Opus | 2021 March

March 2021 OpusISSUE

News at CCM

Are you learning to play an instrument or learning to love music?

Audiation and Rhythm: Essential Skills for Promoting a Lifelong Love of Music

A Faculty Performance

CCM Lecture Series


CCM Lecture Series - engages, educates, and entertains.

We’ve packed March with opportunities to expand your music knowledge. Everyone is welcome to attend these complimentary online lectures.

Visit our website for details. Serialism for Kids!

SERIALISM FOR KIDS! / Saturday, March 20, 10:00 - 10:50 am 

THE 25 GREATEST VIOLINISTS OF ALL TIME / Saturday, March 27, 10:00 - 11:00 am 

AFTER THE PLAGUE, VOCAL MUSIC OF THE HIGH RENAISSANCE  / Saturday, April 10, 10:00 - 11:00 am

JAZZ HISTORY IN A NUTSHELL / Wednesday, April 14, 5:30 - 6:30 pm


Register in advance to receive the link to the lecture.

Have you read our blog post, Learn a Second Instrument – And So Much More!

THE CCM BLOG Browse our articles by categories that interest you, from Benefits of Music Education and Performance Prep to Voice Therapy.

CCM Blog

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I Love What I Do


Why do some people stick with their music studies and others don’t?  Today, a lot of music education focuses almost exclusively on instrument and notation skills and expects that the inner understanding of music to develop automatically – or not at all.    What else is there to learning music?  Think of it as not learning music but developing your “musicality” or “instinct for music.” Three additional core skills are learnable and develop your understanding and enjoyment of music, which are often overlooked: having a good sense of rhythm, understanding melodies and harmonies, and being creative with your musical ideas.  You can learn these skills; they are not a gift that you either have or you don’t. 

Educators refer to this as the core competencies of music education.  The development of these core competencies is already interwoven into each student’s lesson across the school.  In the future, students and instructors will be better able to track their progress with fall goal setting and a new evaluation program that focuses on these skills. 

A basic example is developing your internal rhythm. “I’m always amazed that some people can’t feel four beats,” says CCM guitar instructor Phil Sargent. “Many of my students get it all of a sudden. Family lesson at CCM They’ll feel the song’s pulse and being able to switch chords on time - then they can play along with the song.  At that point, the student starts making a lot more progress and having fun with their music.” Sometimes a student can play in time when they are playing with a group, but not when they play alone.  It is often thought that the student has an issue with note-reading or a technique problem when what’s really the matter is they have not developed their internal sense of rhythm.

The same holds true with tonal skills or audiation.  If you can sing the correct pitches in your music, you can hear when you correctly play your music and not be reliant solely on the mechanics of playing your instrument. Phil Sargent sets time aside in his more advanced students’ lessons to do ear training and developing the skill to sing back notes that are played. “It’s so important to be able to internalize the melody outside the instrument.”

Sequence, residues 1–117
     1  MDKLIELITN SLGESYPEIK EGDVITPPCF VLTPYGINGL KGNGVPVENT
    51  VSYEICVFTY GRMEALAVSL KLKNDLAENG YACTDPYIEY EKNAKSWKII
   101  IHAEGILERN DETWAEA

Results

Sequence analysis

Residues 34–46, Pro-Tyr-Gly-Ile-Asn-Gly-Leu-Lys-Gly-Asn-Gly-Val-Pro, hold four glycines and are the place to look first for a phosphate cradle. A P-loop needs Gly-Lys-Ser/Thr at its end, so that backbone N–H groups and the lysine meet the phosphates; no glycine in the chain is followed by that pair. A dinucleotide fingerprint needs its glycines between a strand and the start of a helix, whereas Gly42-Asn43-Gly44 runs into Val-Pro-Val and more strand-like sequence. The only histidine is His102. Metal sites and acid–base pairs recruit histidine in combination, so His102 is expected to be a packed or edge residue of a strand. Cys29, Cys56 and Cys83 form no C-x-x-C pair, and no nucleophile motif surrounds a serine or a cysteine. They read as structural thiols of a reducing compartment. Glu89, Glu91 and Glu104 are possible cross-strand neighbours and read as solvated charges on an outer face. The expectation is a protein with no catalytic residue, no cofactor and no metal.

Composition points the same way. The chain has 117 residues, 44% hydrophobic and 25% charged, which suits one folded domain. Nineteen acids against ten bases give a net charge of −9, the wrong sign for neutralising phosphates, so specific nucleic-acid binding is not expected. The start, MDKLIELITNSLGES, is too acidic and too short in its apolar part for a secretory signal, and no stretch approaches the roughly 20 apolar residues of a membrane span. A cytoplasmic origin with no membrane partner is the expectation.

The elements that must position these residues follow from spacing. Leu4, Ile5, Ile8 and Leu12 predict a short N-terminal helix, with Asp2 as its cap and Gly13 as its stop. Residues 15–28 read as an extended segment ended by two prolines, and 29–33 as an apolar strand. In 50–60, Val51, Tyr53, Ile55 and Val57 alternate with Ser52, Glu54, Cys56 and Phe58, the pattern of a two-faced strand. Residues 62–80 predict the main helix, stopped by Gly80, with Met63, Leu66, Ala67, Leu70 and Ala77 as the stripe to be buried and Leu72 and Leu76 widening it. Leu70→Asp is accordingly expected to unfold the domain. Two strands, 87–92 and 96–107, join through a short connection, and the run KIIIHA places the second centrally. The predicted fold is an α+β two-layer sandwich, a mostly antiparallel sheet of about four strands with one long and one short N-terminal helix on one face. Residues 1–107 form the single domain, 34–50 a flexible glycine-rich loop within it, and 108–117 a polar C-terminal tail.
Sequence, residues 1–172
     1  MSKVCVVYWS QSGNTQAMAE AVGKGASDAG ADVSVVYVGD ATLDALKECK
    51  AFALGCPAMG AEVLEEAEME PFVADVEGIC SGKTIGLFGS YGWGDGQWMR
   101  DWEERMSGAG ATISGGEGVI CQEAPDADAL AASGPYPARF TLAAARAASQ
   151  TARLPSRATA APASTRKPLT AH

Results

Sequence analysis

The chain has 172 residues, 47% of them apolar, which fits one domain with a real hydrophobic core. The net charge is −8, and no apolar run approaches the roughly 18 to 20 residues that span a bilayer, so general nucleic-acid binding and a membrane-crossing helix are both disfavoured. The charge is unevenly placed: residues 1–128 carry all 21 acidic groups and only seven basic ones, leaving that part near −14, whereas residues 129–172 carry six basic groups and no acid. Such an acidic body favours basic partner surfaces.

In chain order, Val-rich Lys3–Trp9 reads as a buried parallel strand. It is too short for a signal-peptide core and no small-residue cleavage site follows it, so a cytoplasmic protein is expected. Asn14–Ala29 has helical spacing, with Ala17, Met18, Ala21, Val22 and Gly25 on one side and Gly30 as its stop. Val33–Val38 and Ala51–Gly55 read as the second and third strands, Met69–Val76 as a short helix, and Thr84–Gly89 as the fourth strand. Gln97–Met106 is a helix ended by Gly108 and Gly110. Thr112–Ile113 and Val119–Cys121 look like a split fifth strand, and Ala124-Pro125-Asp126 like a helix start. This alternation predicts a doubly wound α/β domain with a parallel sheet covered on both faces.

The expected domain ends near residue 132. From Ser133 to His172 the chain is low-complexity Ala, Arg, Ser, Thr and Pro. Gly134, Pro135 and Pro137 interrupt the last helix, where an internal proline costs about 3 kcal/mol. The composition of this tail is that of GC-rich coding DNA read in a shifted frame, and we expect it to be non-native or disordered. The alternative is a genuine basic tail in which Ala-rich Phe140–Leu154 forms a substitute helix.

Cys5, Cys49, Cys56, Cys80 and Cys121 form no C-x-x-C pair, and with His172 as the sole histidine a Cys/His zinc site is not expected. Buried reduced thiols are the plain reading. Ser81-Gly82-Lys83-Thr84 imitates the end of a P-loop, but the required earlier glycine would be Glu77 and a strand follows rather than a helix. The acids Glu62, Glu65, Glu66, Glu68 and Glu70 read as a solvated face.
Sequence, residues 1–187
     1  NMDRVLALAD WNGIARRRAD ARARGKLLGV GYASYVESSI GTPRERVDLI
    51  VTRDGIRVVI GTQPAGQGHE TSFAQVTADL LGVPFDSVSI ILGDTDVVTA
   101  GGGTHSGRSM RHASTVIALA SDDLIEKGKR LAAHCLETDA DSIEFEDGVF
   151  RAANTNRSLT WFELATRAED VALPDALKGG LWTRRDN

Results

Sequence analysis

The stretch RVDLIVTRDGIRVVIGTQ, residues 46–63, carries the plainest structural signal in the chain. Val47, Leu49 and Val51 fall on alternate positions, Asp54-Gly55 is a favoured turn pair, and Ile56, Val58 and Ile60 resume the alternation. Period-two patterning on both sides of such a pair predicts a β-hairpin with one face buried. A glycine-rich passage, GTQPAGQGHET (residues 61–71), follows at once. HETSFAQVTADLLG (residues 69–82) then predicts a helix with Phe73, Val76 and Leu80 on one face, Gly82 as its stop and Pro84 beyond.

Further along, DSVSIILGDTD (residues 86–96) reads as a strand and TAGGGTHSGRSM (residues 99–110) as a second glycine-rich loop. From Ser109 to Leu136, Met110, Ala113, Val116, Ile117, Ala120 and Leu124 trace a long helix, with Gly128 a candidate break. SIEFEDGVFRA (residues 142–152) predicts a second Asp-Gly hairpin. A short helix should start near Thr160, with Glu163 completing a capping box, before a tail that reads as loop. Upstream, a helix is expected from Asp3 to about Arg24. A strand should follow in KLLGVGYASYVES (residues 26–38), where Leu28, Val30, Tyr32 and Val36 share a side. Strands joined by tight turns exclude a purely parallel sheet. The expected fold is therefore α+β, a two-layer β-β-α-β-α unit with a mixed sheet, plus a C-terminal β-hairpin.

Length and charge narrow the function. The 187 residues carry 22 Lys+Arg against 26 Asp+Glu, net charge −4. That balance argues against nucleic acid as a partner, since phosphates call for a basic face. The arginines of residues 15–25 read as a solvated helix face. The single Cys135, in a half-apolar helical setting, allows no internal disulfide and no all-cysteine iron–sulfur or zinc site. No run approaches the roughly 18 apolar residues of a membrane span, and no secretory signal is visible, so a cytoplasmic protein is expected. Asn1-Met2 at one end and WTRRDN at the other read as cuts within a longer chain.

Creativity comes into the picture when students are asked to make decisions about music and go beyond playing what is written on the page.  This might involve developing a rhythm pattern for a scale, composing a line of music, or improvising on a song.  CCM piano instructor Lorna Henderson can see that creativity has bloomed in her students when they share their insights about a song. “I love when a student can relate their piece to something extra-musical. If a student says, ‘Oh, that sounds like rain,’ or ‘That final note could linger like the last Starburst candy in the pack,’ they’re making intuitive connections. A student who is emotionally involved will enjoy practicing more too.”

Why is learning these concepts so important?  Because we’re looking at the long game.  Anything worth doing takes work, but it’s easier to commit to the work if you have all the tools to succeed.  We tend to stick with those things where we can see our progress and understand why we’re making progress.  Learning and playing music is a process; we’ve said it before. It’s all about the journey, and we want you to love the journey you are on.  You tackle the immediate lesson and then take that skill or knowledge with you to continue on your musical journey. 

We all have the potential.  


Audiation and Rhythm


Let’s say you are learning how to play the flute. You learn how to blow across the top of the flute to make a sound. You learn the fingerings that produce different notes, and how to play them in different combinations as you read your music. But that just means you can reproduce what’s in front of you.

Our goal is not to have musical robots, but instead teach, motivate, and encourage musicians of any age to become confident enough to allow their curiosity to help them be creative musicians—to hear the music in their head and nurture their inner musical sense. As CCM percussion faculty member Mike Connors explains, Music takes place internally, what we play on our instrument is an expression of that inner world. It works from the inside out, not the outside in.”

Holistic learning, especially for our young students, helps develop their imagination with music. There’s much more to learning music than simply learning to read notes and play scales. Opening imaginations through training our musical ears, how to listen to notes and sounds, internalize rhythms, and play by ear and improvise, help to bring musicianship to a higher level. And when you do that, you build well-rounded musicians who love to play and listen to music for a lifetime.

Let’s explore two essential skills for a musician, audiation and rhythm.

Audiation and Why It’s So Vital